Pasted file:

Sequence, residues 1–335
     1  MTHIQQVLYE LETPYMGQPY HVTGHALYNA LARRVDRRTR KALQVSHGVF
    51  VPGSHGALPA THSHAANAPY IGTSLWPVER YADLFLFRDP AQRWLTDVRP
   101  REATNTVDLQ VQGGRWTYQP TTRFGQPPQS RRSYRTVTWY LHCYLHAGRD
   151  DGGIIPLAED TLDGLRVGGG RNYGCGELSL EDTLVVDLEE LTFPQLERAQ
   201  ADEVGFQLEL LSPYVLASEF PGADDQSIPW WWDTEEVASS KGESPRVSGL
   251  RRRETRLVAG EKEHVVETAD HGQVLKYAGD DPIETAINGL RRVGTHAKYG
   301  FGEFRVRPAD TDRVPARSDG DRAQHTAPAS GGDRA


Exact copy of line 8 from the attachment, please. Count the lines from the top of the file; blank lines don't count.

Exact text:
   301  FGEFRVRPAD TDRVPARSDG DRAQHTAPAS GGDRA